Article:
by Br Julian McDonald cfc

Later, the Master selected seventy-two others whom he sent ahead of him in pairs to every town and place he intended to visit…“Carry no money bag, no sack, no sandals; and greet no one on the road. On entering any house first say: ‘Peace to this household…’ Cure the sick and say to them: ‘The reign of God is at hand.’”  Luke 10: 1-12; 17-20

Today’s gospel-reading gives us a glimpse into Jesus’ organising capacity and an insight into Luke’s focus on the Gentile world. By telling his audience that Jesus commissioned exactly 72 disciples to go ahead of him to the towns and villages along his route to Jerusalem, Luke was clearly signalling that the scope of Jesus’ mission included the whole of the Gentile world, believed to be made up of 72 different nations. There’s something ingenious about how the authorities of ancient Israel came to the conclusion that the world was peopled by 72 nations. Noah and his wife had three strong and healthy sons, Shem, Ham and Japheth who, with their wives, boarded the ark and survived the great flood. The descendants of those three lads numbered seventy-two, who proceeded to populate the whole world. That explains how Luke concludes that Jesus selected and missioned 72 disciples to reach out not just to Israel but to the whole Gentile world.

The detailed instructions that Luke has Jesus give to those seventy-two embody the life-style expected of all who choose to follow in Jesus’ footsteps:
* To keep their focus on the ways of God, disciples are expected to travel light, and be satisfied with the simple life-style of those who welcome them;
* They are to extend the offer of God’s peace, even when they are venturing among metaphorical wolves;
* They are to offer healing, encouragement and hope, rather than condemnation and negative criticism;
* They don’t take self-satisfaction from their successes, but rather delight in what God has done through them for those they serve.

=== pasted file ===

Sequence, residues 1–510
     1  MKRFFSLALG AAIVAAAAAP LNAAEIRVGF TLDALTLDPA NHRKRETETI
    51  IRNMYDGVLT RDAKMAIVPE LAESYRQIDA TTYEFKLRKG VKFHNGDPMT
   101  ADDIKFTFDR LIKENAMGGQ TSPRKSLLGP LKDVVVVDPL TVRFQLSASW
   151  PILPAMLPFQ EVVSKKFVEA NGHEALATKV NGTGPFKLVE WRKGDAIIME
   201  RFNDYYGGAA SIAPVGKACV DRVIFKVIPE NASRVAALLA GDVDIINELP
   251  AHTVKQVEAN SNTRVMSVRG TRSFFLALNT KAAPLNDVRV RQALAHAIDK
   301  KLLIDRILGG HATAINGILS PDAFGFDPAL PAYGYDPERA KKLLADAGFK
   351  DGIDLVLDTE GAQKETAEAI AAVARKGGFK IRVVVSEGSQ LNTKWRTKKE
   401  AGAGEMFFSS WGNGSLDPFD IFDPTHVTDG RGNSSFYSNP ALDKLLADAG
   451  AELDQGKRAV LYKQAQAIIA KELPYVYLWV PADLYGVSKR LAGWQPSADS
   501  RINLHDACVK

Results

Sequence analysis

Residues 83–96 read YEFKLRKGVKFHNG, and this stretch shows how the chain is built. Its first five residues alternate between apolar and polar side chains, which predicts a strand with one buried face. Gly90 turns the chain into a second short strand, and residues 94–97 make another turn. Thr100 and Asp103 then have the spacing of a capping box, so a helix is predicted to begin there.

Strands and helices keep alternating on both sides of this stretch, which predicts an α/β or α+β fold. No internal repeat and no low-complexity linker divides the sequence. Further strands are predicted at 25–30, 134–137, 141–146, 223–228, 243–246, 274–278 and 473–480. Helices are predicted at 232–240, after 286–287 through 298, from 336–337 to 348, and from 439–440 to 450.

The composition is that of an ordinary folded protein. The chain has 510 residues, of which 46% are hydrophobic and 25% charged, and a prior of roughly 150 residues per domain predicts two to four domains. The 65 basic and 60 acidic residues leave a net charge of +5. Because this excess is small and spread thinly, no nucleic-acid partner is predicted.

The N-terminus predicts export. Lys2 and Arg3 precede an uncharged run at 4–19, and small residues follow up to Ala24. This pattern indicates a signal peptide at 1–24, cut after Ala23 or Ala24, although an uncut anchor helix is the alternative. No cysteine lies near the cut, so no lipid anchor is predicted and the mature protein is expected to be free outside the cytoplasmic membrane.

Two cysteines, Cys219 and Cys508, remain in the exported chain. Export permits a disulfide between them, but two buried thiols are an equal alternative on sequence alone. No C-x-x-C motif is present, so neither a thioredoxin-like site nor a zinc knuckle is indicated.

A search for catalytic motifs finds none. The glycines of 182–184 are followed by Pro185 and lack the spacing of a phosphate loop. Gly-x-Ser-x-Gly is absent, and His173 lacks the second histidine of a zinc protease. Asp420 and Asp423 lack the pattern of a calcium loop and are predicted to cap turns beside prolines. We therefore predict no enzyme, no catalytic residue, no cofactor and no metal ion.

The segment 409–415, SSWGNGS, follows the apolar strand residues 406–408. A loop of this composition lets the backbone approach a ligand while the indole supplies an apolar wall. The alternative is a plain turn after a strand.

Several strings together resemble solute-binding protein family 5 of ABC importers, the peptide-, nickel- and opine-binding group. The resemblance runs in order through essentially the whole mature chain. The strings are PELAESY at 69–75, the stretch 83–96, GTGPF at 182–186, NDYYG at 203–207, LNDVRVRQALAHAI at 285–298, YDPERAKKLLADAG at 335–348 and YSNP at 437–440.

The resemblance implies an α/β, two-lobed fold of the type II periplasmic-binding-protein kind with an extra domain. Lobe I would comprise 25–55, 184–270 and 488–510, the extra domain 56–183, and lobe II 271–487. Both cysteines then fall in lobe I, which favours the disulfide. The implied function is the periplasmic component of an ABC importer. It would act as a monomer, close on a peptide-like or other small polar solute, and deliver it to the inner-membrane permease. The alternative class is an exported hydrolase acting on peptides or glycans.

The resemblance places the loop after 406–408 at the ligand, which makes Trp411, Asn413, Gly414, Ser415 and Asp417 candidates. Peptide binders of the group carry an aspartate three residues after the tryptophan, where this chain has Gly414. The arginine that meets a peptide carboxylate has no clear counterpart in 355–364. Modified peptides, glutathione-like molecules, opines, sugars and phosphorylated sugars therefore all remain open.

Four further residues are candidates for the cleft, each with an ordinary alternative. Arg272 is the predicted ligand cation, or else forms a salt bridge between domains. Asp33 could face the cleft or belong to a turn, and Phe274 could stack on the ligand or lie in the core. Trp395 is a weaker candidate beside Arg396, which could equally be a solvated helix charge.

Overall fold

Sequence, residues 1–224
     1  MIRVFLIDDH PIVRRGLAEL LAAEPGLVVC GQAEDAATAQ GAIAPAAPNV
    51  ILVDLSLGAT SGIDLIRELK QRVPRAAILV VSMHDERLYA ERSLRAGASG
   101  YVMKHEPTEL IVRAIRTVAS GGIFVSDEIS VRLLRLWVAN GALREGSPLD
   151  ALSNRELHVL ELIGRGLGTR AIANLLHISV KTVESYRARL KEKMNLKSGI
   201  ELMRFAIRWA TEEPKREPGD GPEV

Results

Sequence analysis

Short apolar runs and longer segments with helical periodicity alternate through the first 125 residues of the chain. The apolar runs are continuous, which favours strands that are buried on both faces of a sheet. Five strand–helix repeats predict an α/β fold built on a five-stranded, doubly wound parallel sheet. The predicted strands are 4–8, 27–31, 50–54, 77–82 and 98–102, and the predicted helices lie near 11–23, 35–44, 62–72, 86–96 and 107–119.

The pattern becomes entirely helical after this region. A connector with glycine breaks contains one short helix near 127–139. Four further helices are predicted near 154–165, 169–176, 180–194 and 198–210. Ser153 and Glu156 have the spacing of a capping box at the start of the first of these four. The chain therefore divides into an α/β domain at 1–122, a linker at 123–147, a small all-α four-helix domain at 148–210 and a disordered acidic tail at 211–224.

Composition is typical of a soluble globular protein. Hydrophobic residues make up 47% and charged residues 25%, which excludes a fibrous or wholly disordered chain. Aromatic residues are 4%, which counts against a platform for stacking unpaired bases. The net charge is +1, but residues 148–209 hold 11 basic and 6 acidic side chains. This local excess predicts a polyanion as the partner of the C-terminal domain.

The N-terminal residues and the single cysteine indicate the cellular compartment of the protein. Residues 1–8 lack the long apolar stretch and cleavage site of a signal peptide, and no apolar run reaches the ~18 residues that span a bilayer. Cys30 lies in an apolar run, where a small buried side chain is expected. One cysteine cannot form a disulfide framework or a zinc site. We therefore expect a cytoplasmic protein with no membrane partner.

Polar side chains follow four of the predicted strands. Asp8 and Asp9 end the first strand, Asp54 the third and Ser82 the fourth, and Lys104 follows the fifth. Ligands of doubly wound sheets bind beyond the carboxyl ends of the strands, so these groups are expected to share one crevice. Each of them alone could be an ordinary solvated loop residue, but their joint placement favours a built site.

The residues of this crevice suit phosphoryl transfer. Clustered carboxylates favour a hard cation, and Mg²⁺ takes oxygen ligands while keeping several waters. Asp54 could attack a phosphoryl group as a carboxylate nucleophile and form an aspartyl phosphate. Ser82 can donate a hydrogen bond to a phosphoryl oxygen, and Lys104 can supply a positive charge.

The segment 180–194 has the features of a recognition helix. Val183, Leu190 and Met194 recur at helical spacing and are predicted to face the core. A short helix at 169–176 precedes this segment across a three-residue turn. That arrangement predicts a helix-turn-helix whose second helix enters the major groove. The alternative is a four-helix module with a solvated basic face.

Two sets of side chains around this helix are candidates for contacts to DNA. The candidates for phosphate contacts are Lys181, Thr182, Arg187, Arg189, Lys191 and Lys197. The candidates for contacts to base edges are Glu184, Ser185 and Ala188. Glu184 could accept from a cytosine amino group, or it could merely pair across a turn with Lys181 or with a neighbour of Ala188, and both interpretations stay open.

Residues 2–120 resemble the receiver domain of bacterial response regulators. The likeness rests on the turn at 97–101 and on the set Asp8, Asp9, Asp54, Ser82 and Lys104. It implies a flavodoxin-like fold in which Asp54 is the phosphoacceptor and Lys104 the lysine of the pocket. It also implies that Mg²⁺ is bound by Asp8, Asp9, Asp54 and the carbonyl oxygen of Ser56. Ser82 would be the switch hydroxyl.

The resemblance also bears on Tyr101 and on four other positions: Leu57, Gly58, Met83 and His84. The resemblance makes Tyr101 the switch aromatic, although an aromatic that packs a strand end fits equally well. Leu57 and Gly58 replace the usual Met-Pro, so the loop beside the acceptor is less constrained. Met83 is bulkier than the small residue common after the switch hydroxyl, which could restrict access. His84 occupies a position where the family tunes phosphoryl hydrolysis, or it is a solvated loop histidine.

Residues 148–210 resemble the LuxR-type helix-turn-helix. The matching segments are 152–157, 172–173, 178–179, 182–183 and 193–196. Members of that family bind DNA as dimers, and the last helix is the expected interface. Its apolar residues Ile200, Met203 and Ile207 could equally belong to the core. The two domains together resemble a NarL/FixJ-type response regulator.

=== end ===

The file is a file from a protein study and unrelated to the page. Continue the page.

When the disciples returned, jubilant at their mastery over demons, Jesus set them right by telling them that a better reason for rejoicing might be that they had done something worthwhile for other people rather than making a name for themselves. Nowadays, we would say that a proper cause for their rejoicing might be that they had contributed to the common good.

Vatican II reminded us all that we are commissioned by our baptism to be instruments of God’s love in the lives of everyone we encounter. Whenever we are truly present to people around us, when we reach out in care and compassion to those who are struggling, we are agents of God’s presence, care and compassion.

Arguably, the most challenging aspect of Jesus’ instruction to his disciples is the manner in which he urges them to engage with the people they meet. He expects them to be present to those who open their doors of welcome. He does not want disciples who are bent on imposing a message on those they encounter. He wants disciples who will be comfortable with simple hospitality, who will be present to their hosts, treating them with respect and equality. And it is to be no different with us. People we meet know instinctively when we are present to them, when we treat them as equals, when we are free within ourselves, and not driven by some compulsion or coming to burden them with some kind of hidden agenda. They know when we are comfortable and at ease with them. They don’t warm to unspoken expressions of position and importance, or hints that we have influence in high places. I suggest that that is what underlies Jesus’ direction to offer peace to everyone disciples encounter. Peace is conveyed by how we relate rather than in some formulaic greeting of peace.